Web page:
Difference between Black soil and Alluvial soil

Black Soil 

Alluvial Soil

1. Made by lava. Residual soil. 

1. Made by alluvium. Transported soil.

2. Black in colour. 

2. Yellow in colour.

3. Rich in humus. 

3. Deficient in humus.

2. Alluvial soil and red soil. 


Difference between Alluvial soil and Red soil

Alluvial soil 

Red Soil

1. Light grey in colour. 

Reddish in colour as it contains Iron Oxide.

2. Very fertile, suitable for wheat, sugarcane, rice, cotton, jute, oil seed.

Rice, wheat, sugarcane, cotton and pulses can be cultivated when well watered with fertiliser.

3. Alluvial soils found in the lower courses and the upper courses of rivers. 


Difference between alluvial soils in the upper and lower courses of the rivers:

Upper course Alluvial Soil

Lower course Alluvial Soil

1. It is coarser i.e. particles bigger in size. 

It is finer and finest in the lowest section.

2. It is dry, less compact. 

It is more moist and more compact.

4. State two differences between Khadar and Bhangar Soil. 


Difference between Khadar soil and Bhangar soil

Khadar Soil 

Bhangar Soil

1. The newer alluvium is called Khadar. 

The older alluvium is called Bhangar.

2. It is fine textured and more fertile. 

It contains pebbles and gravels. It is less fertile.

5. Black Soil and Alluvial Soil. 


Difference between Black soil and Alluvial soil

Black Soil 

Alluvial Soil

1. Made by lavita. 

Made by rivers.

2. Black in colour. 

Yellow in colour.

3. Rich in humus. 

Rich in iron.

6. Alluvial soil of the northern plains and the alluvial soil on the coastal plains of India. 


Difference between Alluvial Soil of Northern Plains and Alluvial Soil on the Coastal Plain

Alluvial Soil of Northern Plains 

Alluvial Soil on the Coastal Plain

1. Light in colour 

Dark in colour

2. Sandy 


3. Porous 

Non porous

4. Coarse in texture 

Fine in texture

7. Sheet erosion and Gully erosion.


Difference between Sheet Erosion and Gully Erosion

Sheet Erosion 

Gully Erosion

1. Occurs on even surface layer. 

Occurs on steep slopes.

2. The top Soil is removed. 

Steep sided valley are formed.

3. Found in Western India. 

Found in Chambal ravines.

4. Sheet erosion is harmful since it removes the finer and more fertile top Soil.

Gullies cut up agricultural land and make it unfit for cultivation.

8. Transported soil and In Situ soil, quoting a suitable example for each.


Difference between Transported Soil and In Situ Soil

Transported Soil 

In Situ Soil

If a soil is carried else where at the place of rest by the agents of gradation from the place of its origin is called transported soil, e.g. Alluvial soil.

If the soil remains at the place of its origin is called in situ, e.g. Black soil.

Map Plotting

1. On the map of India, shade and name an area each of: 

(a) Alluvial Soil, 

(b) Red Soil, 

(c) Desert Soil and 

(d) Hill Soil or Mountain Soil. 


Name the Following

1. Name the soil which 

(i) covers the summits of the Eastern Ghats. 

(ii) makes up the delta of the River Ganga.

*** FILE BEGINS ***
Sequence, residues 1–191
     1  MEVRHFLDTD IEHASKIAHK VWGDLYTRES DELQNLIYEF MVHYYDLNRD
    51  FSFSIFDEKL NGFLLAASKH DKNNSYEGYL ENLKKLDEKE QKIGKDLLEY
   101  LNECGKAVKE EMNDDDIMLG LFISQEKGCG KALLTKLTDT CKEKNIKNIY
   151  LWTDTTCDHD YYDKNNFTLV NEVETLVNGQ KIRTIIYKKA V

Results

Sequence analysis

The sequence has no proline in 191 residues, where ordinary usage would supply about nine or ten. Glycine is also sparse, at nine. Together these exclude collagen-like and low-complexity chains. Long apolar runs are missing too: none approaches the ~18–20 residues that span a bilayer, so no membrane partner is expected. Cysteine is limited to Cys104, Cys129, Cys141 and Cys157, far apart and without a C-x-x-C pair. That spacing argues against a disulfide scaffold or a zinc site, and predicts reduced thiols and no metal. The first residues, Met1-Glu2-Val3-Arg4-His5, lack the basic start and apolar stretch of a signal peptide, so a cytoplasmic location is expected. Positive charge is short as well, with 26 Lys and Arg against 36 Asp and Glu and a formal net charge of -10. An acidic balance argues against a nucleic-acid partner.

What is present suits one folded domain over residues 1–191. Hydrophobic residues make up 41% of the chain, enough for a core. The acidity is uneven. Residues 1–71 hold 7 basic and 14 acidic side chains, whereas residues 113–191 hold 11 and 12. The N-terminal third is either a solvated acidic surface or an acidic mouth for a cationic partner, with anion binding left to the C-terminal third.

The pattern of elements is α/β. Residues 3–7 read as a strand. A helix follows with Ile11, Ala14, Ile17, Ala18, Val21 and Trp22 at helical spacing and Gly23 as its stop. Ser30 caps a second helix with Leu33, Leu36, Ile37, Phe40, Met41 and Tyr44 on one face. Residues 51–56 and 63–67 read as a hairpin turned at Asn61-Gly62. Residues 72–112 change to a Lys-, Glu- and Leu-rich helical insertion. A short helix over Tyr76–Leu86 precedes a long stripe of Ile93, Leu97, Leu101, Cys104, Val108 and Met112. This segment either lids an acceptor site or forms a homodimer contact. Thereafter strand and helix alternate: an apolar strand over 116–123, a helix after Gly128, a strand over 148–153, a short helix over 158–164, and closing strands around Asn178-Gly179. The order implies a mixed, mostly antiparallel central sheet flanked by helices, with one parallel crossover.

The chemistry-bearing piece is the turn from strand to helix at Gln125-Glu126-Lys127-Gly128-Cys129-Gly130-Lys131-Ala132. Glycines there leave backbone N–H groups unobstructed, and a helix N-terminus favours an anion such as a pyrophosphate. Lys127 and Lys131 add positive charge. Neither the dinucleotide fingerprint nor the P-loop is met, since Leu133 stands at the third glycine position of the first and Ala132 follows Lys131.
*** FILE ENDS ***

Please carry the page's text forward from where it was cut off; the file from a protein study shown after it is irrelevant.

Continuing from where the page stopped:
(iii) is sticky when wet and cracks when dry. 


(i) laterite 

(ii) alluvial 

(iii) black 

2. Give a single word for each of the following: 

(i) The loose rock material, together with humus, forming the uppermost layer of the earth’s crust and serving a source of food and moisture for plants. 

(ii) The process of percolation by which valuable mineral nutrients are washed down from the top layer of the Soil only to deposit them in the lower layers, making the top Soil infertile.


(i) Soil 

(ii) Leaching 

3. Name the transported Soil most widely found in India. State the two sub categories into which it is generally divided. What are their local names and which one of them is superior to the other. 


Alluvial Soil; Older alluvium—Bhangar, Newer alluvium—Khadar. Khadar is superior to Bhangar. 

4. Point out the region where coastal alluvium is found. 


The coastal alluvium occurs in the coastal strips of peninsular India and the plains of Gujrat and also some parts of Rajasthan. 

5. Name the three types of Alluvium Soil. 


Alluvium Soils include: 

  1. Deltaic alluvium
  2. Coastal alluvium 
  3. Inland alluvium. 

6. Name the crops for which Red Soils is suitable. 


Red soil is suitable for the cultivation of wheat, rice, millet, gram, pulses and sugarcane. 

7. Name the Soil which is formed due to high temperature and heavy rainfall with alternating wet and dry periods. Name two states where this type of Soil is found? 


Laterite Soil; Kerala and Karnataka. 

8. Name one area where Laterite Soil is found in large-scale. 


It is found along summits of Western Ghats in Karnataka and Kerala. 

9. Name the parent rock of Laterite Soil. Name one area in India which has Laterite Soil. 


The parent rock of Laterite Soil is Laterite rock. It is mainly found in the Malwa Plateau region. 

10. Which Soil is found suitable to grow coffee in Karnataka? 


Laterite Soil. 

11. Name two important agents of erosion. 


The two important agents of erosion are: 

  1. Water 
  2. Wind. 

12. Name a part of India where: 

(i) Wind is the main agent of erosion. 

(ii) Water is the main agent of erosion.


(i) Thar Desert, western Rajasthan and south Punjab. 

(ii) In hilly regions such as the Himalayas, hills of North-east India and the Nilgiris.